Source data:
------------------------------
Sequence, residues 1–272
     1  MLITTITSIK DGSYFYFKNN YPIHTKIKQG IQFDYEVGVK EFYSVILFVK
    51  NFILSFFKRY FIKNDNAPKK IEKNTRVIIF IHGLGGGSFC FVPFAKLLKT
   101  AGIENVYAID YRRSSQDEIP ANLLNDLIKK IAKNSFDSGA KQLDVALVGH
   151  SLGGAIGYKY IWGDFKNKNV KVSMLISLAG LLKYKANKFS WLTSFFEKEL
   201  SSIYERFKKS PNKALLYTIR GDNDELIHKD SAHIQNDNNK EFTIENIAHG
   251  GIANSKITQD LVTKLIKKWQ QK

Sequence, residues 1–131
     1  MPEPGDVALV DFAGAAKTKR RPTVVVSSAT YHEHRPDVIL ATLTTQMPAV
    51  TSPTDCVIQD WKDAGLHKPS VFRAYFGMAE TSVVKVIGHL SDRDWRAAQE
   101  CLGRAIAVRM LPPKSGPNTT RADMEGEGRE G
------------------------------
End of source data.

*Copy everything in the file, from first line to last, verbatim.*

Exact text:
Sequence, residues 1–272
     1  MLITTITSIK DGSYFYFKNN YPIHTKIKQG IQFDYEVGVK EFYSVILFVK
    51  NFILSFFKRY FIKNDNAPKK IEKNTRVIIF IHGLGGGSFC FVPFAKLLKT
   101  AGIENVYAID YRRSSQDEIP ANLLNDLIKK IAKNSFDSGA KQLDVALVGH
   151  SLGGAIGYKY IWGDFKNKNV KVSMLISLAG LLKYKANKFS WLTSFFEKEL
   201  SSIYERFKKS PNKALLYTIR GDNDELIHKD SAHIQNDNNK EFTIENIAHG
   251  GIANSKITQD LVTKLIKKWQ QK

Sequence, residues 1–131
     1  MPEPGDVALV DFAGAAKTKR RPTVVVSSAT YHEHRPDVIL ATLTTQMPAV
    51  TSPTDCVIQD WKDAGLHKPS VFRAYFGMAE TSVVKVIGHL SDRDWRAAQE
   101  CLGRAIAVRM LPPKSGPNTT RADMEGEGRE G